The Power Has Shifted: How Might it Impact the Future of the Supreme Court?


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The US Supreme Court building in Washington DC.

Karina Borisova, Reporter

    Since the death of Ruth Bader Ginsberg and the confirmation of Amy Coney Barrett, one topic of discussion has been what changes may happen to the Supreme Court now that Joe Biden is president. Some republicans questioned whether or not the Democratic party would try to “pack the court” if Biden won. Court packing refers to the idea of expanding the court. To simply put it, adding more seats to the Supreme Court in an effort to secure an ideological majority. 

 Within hours of the death of Ruth Bader Ginsburg on September 18, 2020, the minds of political activists started looking forward. With Coney Barret’s confirmation after Ginsburg’s death, the court would become decidedly conservative, with six conservative and three liberal justices.  Whether or not then-candidate Biden would consider increasing the number of justices gained traction when Republicans quickly moved ahead with the confirmation of Judge Amy Coney Barrett after she was nominated by President Trump.

 On February 13, 2016 Mitch McConnell said, “The American people should have a voice in the selection of their next Supreme Court Justice. Therefore, this vacancy should not be filled until we have a new President.” Many Democrats felt that this statement about the Supreme Court vacancy during Obama’s final term made McConnell a hypocrite for moving forward quickly with the nomination hearings of Coney Barrett when an election was less than two months away.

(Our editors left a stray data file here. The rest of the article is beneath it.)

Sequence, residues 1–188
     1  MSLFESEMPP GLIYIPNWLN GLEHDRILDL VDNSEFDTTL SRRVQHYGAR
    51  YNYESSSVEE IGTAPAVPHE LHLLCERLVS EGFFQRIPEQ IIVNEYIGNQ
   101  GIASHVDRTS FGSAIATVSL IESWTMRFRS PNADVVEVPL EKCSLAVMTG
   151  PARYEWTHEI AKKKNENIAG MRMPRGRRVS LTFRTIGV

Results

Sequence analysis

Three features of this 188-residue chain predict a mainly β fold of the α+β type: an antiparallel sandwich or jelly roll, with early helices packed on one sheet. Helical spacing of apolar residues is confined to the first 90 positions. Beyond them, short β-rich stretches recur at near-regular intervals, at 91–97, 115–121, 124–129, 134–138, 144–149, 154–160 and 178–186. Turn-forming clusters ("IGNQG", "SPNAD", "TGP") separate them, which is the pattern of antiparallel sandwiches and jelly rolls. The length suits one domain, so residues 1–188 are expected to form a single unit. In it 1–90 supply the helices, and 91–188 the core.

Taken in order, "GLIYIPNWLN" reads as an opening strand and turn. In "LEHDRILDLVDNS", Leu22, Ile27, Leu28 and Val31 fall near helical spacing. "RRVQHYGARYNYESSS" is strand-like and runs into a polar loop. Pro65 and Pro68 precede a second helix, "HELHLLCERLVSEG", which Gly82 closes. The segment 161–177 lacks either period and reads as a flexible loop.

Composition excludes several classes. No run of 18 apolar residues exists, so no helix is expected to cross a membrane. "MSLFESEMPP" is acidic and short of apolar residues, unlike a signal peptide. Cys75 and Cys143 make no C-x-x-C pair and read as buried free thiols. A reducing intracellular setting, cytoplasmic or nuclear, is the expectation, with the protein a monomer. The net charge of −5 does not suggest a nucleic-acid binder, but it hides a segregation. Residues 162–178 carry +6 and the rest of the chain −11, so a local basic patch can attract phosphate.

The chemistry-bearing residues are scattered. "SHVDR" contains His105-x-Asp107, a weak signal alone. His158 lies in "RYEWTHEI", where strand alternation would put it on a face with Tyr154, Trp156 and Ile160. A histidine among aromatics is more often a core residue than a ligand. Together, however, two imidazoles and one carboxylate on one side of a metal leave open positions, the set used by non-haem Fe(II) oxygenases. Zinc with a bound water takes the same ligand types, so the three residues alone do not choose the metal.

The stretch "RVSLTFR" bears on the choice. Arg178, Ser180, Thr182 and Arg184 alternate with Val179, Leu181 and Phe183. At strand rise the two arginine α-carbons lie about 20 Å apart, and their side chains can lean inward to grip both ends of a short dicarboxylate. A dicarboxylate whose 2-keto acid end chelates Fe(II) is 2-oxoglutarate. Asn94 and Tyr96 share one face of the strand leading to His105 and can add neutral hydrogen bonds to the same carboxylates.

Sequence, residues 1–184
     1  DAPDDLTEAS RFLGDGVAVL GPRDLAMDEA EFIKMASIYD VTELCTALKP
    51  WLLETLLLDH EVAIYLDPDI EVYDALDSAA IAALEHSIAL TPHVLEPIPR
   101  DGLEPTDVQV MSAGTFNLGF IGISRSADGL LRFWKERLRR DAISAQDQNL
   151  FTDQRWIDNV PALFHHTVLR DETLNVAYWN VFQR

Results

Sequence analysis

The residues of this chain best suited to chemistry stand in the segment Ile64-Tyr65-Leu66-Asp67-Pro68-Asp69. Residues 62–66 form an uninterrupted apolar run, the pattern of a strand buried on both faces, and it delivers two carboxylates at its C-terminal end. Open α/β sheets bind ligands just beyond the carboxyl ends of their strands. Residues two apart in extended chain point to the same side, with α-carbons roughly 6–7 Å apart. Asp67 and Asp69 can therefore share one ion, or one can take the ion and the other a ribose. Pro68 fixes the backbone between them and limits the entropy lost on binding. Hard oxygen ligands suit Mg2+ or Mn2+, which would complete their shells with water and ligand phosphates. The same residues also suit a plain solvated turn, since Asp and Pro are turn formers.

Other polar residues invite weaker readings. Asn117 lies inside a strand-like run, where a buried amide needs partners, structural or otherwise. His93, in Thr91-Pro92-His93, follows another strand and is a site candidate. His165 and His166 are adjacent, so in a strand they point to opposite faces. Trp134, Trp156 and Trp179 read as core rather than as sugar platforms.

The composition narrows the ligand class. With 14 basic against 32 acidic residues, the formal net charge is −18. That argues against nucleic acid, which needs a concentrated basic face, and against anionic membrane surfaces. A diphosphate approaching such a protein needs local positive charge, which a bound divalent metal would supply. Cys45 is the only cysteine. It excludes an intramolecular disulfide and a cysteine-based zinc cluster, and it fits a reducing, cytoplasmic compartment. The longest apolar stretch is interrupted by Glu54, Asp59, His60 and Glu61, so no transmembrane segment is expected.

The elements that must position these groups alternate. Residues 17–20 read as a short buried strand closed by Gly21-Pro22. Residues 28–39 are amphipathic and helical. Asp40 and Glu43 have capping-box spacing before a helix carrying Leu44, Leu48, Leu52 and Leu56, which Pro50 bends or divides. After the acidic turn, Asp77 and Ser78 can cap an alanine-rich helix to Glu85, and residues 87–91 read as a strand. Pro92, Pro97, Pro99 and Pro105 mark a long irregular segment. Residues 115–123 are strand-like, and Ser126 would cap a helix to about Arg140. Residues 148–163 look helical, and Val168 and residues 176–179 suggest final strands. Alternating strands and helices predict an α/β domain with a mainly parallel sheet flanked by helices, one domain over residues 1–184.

The Senate confirmed Coney Barrett by a vote of 52-48 on October 26, 2020. She is the fifth woman to serve on the Supreme Court of the United States. She previously was a United States circuit judge, and on the United States Court of Appeals for the Seventh Circuit from 2017 to 2020, also having been nominated by Trump. 

 This would not be the first time in history that changing the number of justices on the Supreme Court was considered. The Supreme Court of the United States is the highest federal court in the country and is the head of the judicial branch of government. Established by the U.S. Constitution, the Supreme Court has jurisdiction over all laws within the United States and is responsible for evaluating the constitutionality of those laws. The number of Supreme Court Justices is not fixed, and Congress can change it by passing an act that is then signed by the President, which it did for the first time in 1789. The Supreme Court has been nine justices for more than 150 years.    

        Due to Georgia’s US senate race, democrats now have a thin majority in the Senate, with Vice President Kamala Harris being the tie-breaking vote. Democrats control both houses of Congress, as well as the White House for the first time in 11 years. The next two years will be important because the Democratic party controls the legislative and executive branches of the government. With full control, the Democrats could technically change the number of Supreme Court Justices.

    During the closing weeks of the presidential campaign, Biden was accused by some of dodging questions about expanding the number of seats on the Supreme Court. During a debate President Biden spoke on whether he would seek to increase the number of justices on the Supreme Court. “I would not get into court packing,” said Biden during a Democratic primary debate. “We add three justices. Next time around, we lose control, they add three justices. We begin to lose any credibility the court has at all.” 

     Joe Biden went the furthest on the issue when he said, “I’ve already spoken: I’m not a fan of court packing, but I don’t want to get off on that whole issue. I want to keep focused.” The Supreme Court is not planned to change anytime soon. With a new president in office and the change in power in the Senate, anything is possible, but with all of the challenges currently facing the new administration, and the fact that the Senate needs a 60-vote threshold to advance most legislation, it doesn’t seem like it will be a priority.